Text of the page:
by Mrs. Leah Levine
As we prepare once again for Kabalos HaTorah, it struck me that the first Talmud Torah was actually at Har Sinai and our first teacher was Moshe Rabbeinu. For the most perfect methods in Chinuch, we don’t need to look further than our Ten Commandments, the foundation of the entire Torah. To all parents and mechanchim, I present a synopsis of the lessons we can draw from the Aseres Hadibros.
1. Anochi Hashem: The first lesson we need to teach children is that everything is Hashem, “ein od milvado.” Teaching emunah is our primary goal. From the word Elokecha, which is in lashon yachid, we see that the way to teach this and every lesson, is to talk to each child as an individual and teach him at his own pace.
2. Lo yihiye l’cha…: We have to be very careful not to allow outside influences to permeate our mesorah, even if it’s simply as a compromise. We can’t appease others by watering down our Chinuch. “Emes” and “compromises” are opposites. Once it is no longer pure truth, it is no longer truth. From here we see that we have to be careful with the teachers we choose for our children; they must have pure hashkafos.
3. Lo sisa: The commandment not to use Hashem’s name carelessly is a reminder to teach children to be sensitive to kedusha. Davening should be done with awe and recognition before Whom we stand. When children are taught the kedusha of their tefillos, they will always value the opportunity to talk to the Eibeshter. Teachers, from their end, always have to be careful to do their job in a way that makes a Kiddush Hashem.
4. Zachor (v’shamor) es yom haShabbos l’kadsho: Shabbos asks us to stop all trivial pursuits and focus on this day, on what truly matters: our connection with Hashem. In order to fully grasp something’s importance, we need to stop everything else we are doing and think about it. The Rebbe says in Hayom Yom that a parent should stop for 30 minutes every day to think about the Chinuch of each child. Only once we recognize that their Chinuch deserves some of our undivided attention, can we hope to address the issue with the respect it deserves.
5. Kabaid es avicha v’es imecha: In order for a child to have respect for his father and mother, the school has to show the children that they respect the students’ parents. On the same note, parents must show their children that they respect their teachers and principals. If respect is lacking, on either side, it impacts the child – and he may end up respecting neither. A child who grows up looking up to his parents – and to his heritage, has a stronger identity as a Jew.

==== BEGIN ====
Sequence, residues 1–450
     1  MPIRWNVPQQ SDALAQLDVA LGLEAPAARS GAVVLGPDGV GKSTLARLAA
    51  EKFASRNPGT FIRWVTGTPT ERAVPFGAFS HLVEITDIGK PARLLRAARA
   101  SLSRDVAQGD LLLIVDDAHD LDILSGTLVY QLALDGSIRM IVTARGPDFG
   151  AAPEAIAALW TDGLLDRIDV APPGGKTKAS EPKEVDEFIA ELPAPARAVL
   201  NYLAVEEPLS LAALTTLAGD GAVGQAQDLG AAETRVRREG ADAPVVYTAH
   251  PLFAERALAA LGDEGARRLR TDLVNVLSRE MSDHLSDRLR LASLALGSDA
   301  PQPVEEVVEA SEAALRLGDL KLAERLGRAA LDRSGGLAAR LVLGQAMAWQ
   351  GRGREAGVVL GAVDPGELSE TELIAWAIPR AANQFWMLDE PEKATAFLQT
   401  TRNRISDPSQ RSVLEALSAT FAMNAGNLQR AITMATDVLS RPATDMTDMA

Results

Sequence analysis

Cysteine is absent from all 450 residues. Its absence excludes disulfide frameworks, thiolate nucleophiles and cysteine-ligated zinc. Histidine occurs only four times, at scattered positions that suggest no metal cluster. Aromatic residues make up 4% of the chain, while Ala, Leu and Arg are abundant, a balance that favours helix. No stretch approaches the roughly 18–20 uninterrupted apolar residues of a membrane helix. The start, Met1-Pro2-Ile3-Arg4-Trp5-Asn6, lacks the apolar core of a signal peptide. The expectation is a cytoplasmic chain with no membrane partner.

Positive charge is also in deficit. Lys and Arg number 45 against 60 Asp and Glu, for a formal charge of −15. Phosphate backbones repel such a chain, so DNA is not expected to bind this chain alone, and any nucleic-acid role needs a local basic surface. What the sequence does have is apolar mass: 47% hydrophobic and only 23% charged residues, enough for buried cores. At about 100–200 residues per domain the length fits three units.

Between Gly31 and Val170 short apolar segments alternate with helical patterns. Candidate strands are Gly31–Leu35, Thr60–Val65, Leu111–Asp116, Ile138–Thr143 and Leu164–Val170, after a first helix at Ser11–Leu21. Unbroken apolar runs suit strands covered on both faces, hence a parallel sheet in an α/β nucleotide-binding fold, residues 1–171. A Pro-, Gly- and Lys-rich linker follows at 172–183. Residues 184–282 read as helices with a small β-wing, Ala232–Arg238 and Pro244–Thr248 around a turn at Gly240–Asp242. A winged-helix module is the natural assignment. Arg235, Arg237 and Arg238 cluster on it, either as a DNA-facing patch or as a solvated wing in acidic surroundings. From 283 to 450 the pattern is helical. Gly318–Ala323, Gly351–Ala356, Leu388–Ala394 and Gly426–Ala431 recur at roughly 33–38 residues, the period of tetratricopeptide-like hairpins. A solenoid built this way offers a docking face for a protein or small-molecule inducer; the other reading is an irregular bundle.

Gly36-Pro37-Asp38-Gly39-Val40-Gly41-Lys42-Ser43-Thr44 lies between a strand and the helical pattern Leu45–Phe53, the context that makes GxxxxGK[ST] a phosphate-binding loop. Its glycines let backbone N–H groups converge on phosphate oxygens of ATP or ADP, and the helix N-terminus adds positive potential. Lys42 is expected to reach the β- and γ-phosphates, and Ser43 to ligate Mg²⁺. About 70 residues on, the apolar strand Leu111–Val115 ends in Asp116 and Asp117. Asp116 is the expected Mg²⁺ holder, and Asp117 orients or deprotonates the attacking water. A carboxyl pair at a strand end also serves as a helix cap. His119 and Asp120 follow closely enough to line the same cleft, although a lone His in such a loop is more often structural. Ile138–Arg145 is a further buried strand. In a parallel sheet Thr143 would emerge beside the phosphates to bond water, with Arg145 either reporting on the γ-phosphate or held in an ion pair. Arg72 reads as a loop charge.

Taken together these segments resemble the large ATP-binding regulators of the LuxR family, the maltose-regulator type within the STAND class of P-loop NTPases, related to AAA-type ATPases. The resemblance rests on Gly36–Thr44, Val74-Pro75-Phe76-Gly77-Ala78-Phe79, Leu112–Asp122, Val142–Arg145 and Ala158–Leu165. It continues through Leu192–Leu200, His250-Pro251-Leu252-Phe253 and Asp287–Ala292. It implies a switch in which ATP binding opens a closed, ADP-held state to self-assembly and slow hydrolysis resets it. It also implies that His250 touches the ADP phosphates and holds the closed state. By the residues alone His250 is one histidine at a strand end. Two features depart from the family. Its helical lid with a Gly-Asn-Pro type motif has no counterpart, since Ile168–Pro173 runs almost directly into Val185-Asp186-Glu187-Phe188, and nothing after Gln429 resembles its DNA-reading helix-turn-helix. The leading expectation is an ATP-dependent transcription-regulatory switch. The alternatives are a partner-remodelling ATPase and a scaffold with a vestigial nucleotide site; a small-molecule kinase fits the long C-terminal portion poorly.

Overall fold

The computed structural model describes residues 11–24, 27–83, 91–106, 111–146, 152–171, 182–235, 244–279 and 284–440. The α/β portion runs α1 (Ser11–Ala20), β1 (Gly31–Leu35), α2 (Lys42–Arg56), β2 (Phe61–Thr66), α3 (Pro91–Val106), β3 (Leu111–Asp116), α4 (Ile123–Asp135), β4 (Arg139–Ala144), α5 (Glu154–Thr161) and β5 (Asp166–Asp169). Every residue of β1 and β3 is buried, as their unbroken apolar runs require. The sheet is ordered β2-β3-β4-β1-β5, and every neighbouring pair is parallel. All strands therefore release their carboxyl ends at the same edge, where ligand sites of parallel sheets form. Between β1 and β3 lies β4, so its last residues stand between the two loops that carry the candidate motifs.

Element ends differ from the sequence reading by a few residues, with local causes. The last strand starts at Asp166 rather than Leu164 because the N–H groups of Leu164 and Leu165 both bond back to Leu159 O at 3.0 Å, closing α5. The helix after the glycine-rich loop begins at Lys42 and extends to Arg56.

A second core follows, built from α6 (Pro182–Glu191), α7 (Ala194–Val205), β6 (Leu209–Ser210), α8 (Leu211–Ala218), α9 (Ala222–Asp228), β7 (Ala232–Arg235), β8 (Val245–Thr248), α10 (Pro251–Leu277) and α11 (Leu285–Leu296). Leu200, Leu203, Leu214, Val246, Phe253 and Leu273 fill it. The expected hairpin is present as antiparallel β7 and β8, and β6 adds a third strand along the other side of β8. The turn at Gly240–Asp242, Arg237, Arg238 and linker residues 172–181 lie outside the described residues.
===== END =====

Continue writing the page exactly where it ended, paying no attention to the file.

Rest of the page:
6. Lo sirtzach: Do not destroy a child. Teachers have tremendous power to do good – and to harm. A negative word, a label, an insult or a cynical laugh can kill a child emotionally. In contrast, a positive word or gesture can build a child and help them realize that they are capable of great things.
7. Lo sinaf: We need to teach children tznius in a very positive way. If our daughters truly feel special and realize that they are bnos melochim, they will recognize that tznius protects them. When taught properly, the child will be proud to dress tzniusdik, like a princess who’s proud to wear her crown – even if no one else is wearing one. When not taught correctly… the lessons won’t last. It’s important that the rules shouldn’t just be enforced ruthlessly, but should rather be explained in a way that instills great love and appreciation for this mitzvah.
8. Lo signov: Don’t rob the child from his owner, Hashem. Hashem entrusted us with the care of His Children and we have an obligation to keep their nefesh pure, not chas v’shalom sully it with foreign or personal interests that will stunt their growth. Another lesson here: the opposite of lo signov is to give to others, Avraham Avinu’s midah of chesed. Kids need to be taught the joy of giving – by example. Once the child experiences how good it feels to give, they will surely never be tempted to steal.
9. Lo sa’aneh b’ra’echa: Be positive and truthful when writing a report (whether it’s about a child’s behavior or academics). You might think that exaggerating the negative will bring your point across better, or get the services that you want for him, but while we do have an obligation to help the children, it can’t be at the expense of the truth. A negative report can make a child feel bad about himself, and hearing an exaggeration can make a child lose trust.
10. Lo sachmod: If we want our children not to envy others, we must teach them to be proud of themselves and realize that Hashem gave each individual many unique qualities and gifts. This is a message to parents, too, not to compare their children to other kids and to take the time to recognize what a special gift Hashem has given them.
שנזכה לקבלת התורה בשמחה ובפנימיות!
Mrs. Leah Levin is the founder and principal of Ateres Chaya school for girls in Crown Heights. Her approach to Chinuch is infused with positivity and love for the children, and, in turn, infusing them with a love for Torah and Yiddishkeit. Mrs. Levin also trains teachers and consults widely on how to teach Kriah.